I know this has been done before, but I don’t see it on a search of recent threads. What questions did you have for people of other countries and cultures, but were afraid to ask?
For purposes of this thread, please don’t ask questions about other cultures based on race. “Why do black people…?” only leads to a trainwreck.
[li]What’s the difference between Hindi and Urdu? If they’re mutually intelligible, how are they two different languages?[/li][li]Are turbans ritually donned every morning? Is the hair underneath washed? I watched a video once showing how to put on a turban… it required two people. Is this the case every day?[/li][/ol]
I’ve heard Hindi described as Urdu with a bunch of Arabic-Persian words replaced with a Sanskrit equivalent. I’ve also been told that most Urdu speakers can understand Hindi however most Hindi speakers cannot do the reverse.
1)The written languages employ a different script and while the everyday language is mostly intelligible, the formal ones are rather less so, formal Urdu is bastardized Farsi. Also political issues play a role.
If you wear a cap everyday does that mean hair underneath remains unwashed? As for turbans, they are of many different types, some are just cloths wrapped around, otters have a small cap around which the cloth is wrapped.
If you’re a Muslim woman, and you go fully covered, do you wear makeup regularly and “do” your hair?
If you’re visiting your women friends at their homes, or in places where just women are (like hair salons or … ? ) , do you take off your covering while you’re visiting them?
What about when you’re at home?
What do you do when someone drops by to visit? Do you keep one handy so you can fling it over yourself if it’s a man visiting unannounced?
Do people simply NOT visit unannounced?
In totally other curiousity, in places where tight underwear isn’t worn, what do women do about their periods? Pads only really work if they’re tight to the body, and I’m presuming that tampons aren’t really universal here either.
UK: Why can’t/won’t you drink in moderation?
Japan: Why so hyper for some media yet so reserved otherwise?
US: Other first world countries have rising obesity rates too but nowhere near as much as you. Why?
I use to be an apartment manager with a bunch of Muslim tenants, the wife of one of them wore the full black head to toe covering. Occasionally for mundane maintenance stuff I would have to call on them and the husband was often out, the wife did indeed have a spare covering that she would fling over herself when she spoke to me.
What was odd was that the wife (I had their lease docs) had a really stereotypical Polish name, like Kasia Waszelewsczki or something like that, and from the small bit around her eyes that I could see, she was just a regular (Polish) white chick. They were otherwise perfectly nice, normal people, just seemed sort of weird that a woman who probably wasn’t born into that particular religious tradition would take up such a strict observance of it. Or maybe she was born into it, whatever, it was odd.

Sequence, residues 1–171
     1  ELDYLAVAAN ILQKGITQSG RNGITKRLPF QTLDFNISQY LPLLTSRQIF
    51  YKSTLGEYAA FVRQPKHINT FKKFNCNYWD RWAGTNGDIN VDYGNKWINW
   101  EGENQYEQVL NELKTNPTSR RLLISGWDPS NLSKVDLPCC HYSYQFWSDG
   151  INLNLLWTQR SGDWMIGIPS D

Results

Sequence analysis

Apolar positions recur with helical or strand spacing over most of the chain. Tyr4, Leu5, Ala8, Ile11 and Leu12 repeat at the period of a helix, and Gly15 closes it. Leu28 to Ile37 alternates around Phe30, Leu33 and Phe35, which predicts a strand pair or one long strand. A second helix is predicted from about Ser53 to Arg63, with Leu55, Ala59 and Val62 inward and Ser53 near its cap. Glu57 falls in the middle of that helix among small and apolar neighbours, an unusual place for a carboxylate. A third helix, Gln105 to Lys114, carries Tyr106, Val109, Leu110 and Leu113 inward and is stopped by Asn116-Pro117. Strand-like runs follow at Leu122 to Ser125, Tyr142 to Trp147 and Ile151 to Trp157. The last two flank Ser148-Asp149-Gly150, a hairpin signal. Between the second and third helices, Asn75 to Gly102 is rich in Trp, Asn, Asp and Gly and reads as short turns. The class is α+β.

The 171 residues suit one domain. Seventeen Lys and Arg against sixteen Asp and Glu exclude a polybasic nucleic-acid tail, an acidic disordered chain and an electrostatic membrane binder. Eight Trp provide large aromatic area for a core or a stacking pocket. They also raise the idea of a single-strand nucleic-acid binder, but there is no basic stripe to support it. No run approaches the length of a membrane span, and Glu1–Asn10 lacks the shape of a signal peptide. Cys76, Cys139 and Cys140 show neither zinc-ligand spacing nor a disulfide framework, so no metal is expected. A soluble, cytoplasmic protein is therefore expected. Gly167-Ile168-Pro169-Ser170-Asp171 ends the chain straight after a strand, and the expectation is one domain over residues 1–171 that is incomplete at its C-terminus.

While I worked in the Middle East (ME) I was often astonished at how attractive many women’s eyes were made to look, especially in most of Saudi where the dress code calls for a hijab and niqab, when only the eyes can be seen.
Shopping in malls (some where single men are not allowed to enter :() is huge in the ME. The clothes shops for women were enormous, varied and often expensive. Apparently at home they enjoy dressing up as much as their western counterparts - or maybe more as they can’t/won’t dress up in public.
Parties with many women (only) are commonplace (according to the tv advertisements :rolleyes: and hearsay) and they dress in their finest western-style clothing for them.
As far as I’m aware the women only beauty shops - again big business - go by the same rules.
When I’d visit a Muslim friend his wife would stay out of sight, usually in the kitchen or bedroom. There would always be a call beforehand, from the husband, to check it wasn’t a bad time to visit. This happened in the ME and UK.
It’s a custom to drink a lot, starting from around the age of 15 in the park, around friends’ houses, at house parties and sometimes in the friendlier bars. When I was younger it’d be cheap cider or beer but I believe nowadays the booze of choice is alcopops. Drinking a lot is still seen as a right of passage into adulthood by many.
Most of my friends started drinking between 15 and 18 years, and getting drunk was fun, usually. The drunken brawls don’t happen anywhere near as much as they’re depicted in the media, the majority of young drinkers rarely get into trouble, most parents grew up doing the same and can see the hypocrisy if they stop their kids behaving in the same way ;).
Drinking during a lunch break when at work has almost vanished but drinking after work - especially on a Friday - is still commonplace. Saturdays can be spent drinking in a pub, as can Sunday afternoons, and no one would think less of you. It’s not socially unacceptable to get drunk a few times a week if no one else is harmed.
Most soap operas revolve around the pub :rolleyes: and advertising for alcohol is - from memory - very lightly restricted. Supermarkets have more space dedicated to booze than fruit and vegetables. You can buy (very bad) beer in some and it’s cheaper than bottled water :eek:.
The UK is expensive and crowded and the weather is often terrible, but alcoholic drinks and drinking establishments have had centuries to perfect their ability to give temporary relief from the drudgery of life. You can get beer, wine and spirits from pretty much any country on Earth in the bigger supermarkets. Anything that will suit your palette is available. You can also buy booze from most small convenience shops and it’s often available 24 hours a day. Basically it’s ubiquitous.